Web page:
This morning I went back to my journals. I opened March 2004. Here is something I wrote in my journal then:
So much in march. So much in it. The gray, gray sky.
Trees, burdened with late falling snow. Trees aching and arching. And limbs that break into goosebumps at the thought of brushing against them.
The buds were out red and proper and then the snow came and hid them. All winter long we’ve seen the deer tracks but now, we see, more easily, the tracks of the smaller creatures.
In Death Valley on the sand dunes, one can see patterns and twirls, shapes and road ways from the night before. The sidewinder leaves an ess behind. Rodents, beetles, tiny dropping prints. They fall in and out of shadow until the sun is too high and everything goes white.
No one will rush forward to defend beliefs. To help strangers. No one will force the car to stop. No one.
What will happen?
I ask this question over and over but it is never answered. I have no indication that anything will happen at all. Surely, though, just by existing things happen. They always do. They happen.
March, oh, March. You, damp and wet, you. You, dark and light, you. To feel your paper hands on my face once more is love. It is love.
The dog has the same eyes as my mother. He sees me with her eyes. I know who he is, my dog. He’s not telling me anything. He’s just here for me to take care of, to love.
Protect and protect and protect and covet, covet, covet.
It is as old and as cold as the old and cold sea. The snow exists forever. It blasts into the dark night where eyes wait to see it. It blasts. Blasts into the dark night, tracking the sky like all of the world’s born and unborn—stars and meteors and comets.
Did I dream it or did I find real pictures of my garden? I think it was a dream. Lying in the grass by the rows and rows of beans and lettuce. We just never ate it all.
No one really believes, I don’t think, that I will go back there.
There are tracks in the snow leading to the semicircle of gray, black. And moon. A meandering stream.
Snow wisps down and trickles, filling it all in.
Will there never be news that is good? I am ready to give in. Give in.
“Don’t try,” is what Bukowski’s tomb stone says. Maybe it’s a challenge. It means don’t try so hard. Just do. Or don’t bother but really meant as a challenge.
Don’t try, don’t bother.
I would like to go back to bed and be warm but I can’t. I need to wash the floors. I need to do so many things.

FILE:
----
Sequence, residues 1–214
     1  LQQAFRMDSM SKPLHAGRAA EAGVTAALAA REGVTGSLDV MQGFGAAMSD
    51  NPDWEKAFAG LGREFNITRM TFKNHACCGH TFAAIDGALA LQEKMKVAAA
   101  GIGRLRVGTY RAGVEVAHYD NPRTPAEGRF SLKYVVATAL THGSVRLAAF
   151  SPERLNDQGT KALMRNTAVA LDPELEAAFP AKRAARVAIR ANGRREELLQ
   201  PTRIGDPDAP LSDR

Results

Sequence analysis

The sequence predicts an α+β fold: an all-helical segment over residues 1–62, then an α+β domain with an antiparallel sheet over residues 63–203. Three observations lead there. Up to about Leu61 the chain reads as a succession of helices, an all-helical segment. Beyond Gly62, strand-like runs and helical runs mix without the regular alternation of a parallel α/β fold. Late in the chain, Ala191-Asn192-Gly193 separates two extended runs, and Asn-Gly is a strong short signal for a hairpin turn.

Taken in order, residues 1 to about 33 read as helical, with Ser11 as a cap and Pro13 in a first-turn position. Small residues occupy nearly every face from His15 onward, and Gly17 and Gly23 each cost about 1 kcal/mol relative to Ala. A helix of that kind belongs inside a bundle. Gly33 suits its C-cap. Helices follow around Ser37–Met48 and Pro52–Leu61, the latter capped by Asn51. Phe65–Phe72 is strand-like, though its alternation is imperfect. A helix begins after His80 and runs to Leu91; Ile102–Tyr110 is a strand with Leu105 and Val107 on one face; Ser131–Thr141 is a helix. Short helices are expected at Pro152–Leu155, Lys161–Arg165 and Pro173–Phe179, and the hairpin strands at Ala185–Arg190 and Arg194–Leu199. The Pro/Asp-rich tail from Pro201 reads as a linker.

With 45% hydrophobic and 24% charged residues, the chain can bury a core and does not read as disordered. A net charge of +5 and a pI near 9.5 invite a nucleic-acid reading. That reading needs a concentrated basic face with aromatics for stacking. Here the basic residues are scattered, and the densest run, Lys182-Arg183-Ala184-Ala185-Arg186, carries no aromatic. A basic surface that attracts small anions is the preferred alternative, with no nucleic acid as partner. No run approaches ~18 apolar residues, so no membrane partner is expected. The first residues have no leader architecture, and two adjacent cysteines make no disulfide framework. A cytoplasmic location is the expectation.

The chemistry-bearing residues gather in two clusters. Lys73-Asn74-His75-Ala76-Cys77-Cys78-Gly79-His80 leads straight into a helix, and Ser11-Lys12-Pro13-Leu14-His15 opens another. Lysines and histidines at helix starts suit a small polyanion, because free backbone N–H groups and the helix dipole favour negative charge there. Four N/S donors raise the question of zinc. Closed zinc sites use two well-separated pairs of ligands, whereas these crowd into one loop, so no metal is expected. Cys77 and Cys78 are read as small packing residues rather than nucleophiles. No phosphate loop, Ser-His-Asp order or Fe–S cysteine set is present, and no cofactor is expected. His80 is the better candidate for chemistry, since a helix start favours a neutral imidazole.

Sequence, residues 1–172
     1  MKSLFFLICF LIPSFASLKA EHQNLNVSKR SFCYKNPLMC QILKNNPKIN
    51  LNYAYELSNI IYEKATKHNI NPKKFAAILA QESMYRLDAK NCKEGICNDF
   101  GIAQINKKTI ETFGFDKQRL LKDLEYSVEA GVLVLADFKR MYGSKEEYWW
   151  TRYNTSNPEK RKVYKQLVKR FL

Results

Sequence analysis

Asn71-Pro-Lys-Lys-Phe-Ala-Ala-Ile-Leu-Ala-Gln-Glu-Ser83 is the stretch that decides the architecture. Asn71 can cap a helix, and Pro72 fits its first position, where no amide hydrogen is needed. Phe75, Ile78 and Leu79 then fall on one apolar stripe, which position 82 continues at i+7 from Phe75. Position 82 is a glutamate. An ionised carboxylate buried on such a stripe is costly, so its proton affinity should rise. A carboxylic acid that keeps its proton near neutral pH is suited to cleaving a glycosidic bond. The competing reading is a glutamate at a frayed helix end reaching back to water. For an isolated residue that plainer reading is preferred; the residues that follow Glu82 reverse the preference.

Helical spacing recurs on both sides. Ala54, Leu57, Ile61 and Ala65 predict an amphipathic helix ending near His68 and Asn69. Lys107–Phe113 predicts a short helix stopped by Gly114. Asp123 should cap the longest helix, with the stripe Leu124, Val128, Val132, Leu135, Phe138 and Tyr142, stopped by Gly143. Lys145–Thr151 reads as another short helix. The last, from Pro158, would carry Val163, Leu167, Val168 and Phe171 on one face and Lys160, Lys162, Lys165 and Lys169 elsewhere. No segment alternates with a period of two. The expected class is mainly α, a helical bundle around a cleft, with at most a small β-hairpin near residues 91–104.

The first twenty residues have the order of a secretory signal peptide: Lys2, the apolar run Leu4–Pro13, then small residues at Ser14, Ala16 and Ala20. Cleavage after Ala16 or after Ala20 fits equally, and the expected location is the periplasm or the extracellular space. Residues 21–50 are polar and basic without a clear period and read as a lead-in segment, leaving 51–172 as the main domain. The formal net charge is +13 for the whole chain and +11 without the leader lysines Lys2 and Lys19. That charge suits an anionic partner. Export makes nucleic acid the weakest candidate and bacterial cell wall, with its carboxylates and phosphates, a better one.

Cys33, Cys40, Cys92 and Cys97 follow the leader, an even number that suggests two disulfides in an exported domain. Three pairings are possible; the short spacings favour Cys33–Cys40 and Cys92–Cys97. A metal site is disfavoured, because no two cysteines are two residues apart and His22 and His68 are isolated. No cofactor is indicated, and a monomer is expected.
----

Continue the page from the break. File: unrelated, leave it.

don’t try. don’t try. don’t try.
don’t bother. don’t try. don’t bother.
don’t try. don’t bother. don’t try.
don’t bother. don’t bother. don’t bother.
Someday it will all come out of me again. It will come and I won’t stop it.
Move. If you don’t move then you will stop. Move. Movement is the key. Use it or lose it. Move. Keep moving. Movement is momentum. Forward motion. With forward motion you leave a path for others to follow.
I have become slow and hollow. Need to move and fast. And move.
Tomorrow is the beginning of this new day when all movement is forward. It can still be reflective but it must also be forward. Okay? Yes.
Here is a piece I wrote two years ago, based on the journal entry:
There is so much in it.
The gray sky. Trees burdened with late falling snow, aching and arching with limbs breaking into goose bumps at the thought of someone brushing against them.
All winter long there were tracks of deer, leading to the semicircle of gray, black. And a moon. A meandering stream.
All winter long snow whispered down and trickled. The birds sang nowhere.
Then there are the tracks of the smaller creatures–the chipmunks and squirrel, fisher and fox. When the buds are out, red and proper, the snow comes again and hides them. Trees are slick with green and wet and one of them oozes white foam, like spit. A fat robin pecks at the earth. Snow melts and pools, shifts to raining. The balsams are feathery light and driveway gravel glows in the gloom. But nothing matches the sky for its whiteness. It is a desert of white–untouched, unmoving.
On the sand, on the dunes, there are patterns and twirls, shapes and roadways. The sidewinder, the rodents, the beetles–all leave something behind. Then they fall in and out of shadow until the sun is too high and everything goes white.
It is that whiteness.
To feel those paper hands on my face once more is love but they are as old and as cold as the old and cold sea where the snow exists forever. Where it blasts into the dark night, tracking the sky like all of the world’s born and unborn—stars and meteors and comets.
Two years have passed and I’m wondering about the choices I made. The clearing of the clutter. Where they the right ones? There is still work to be done. It’s exciting.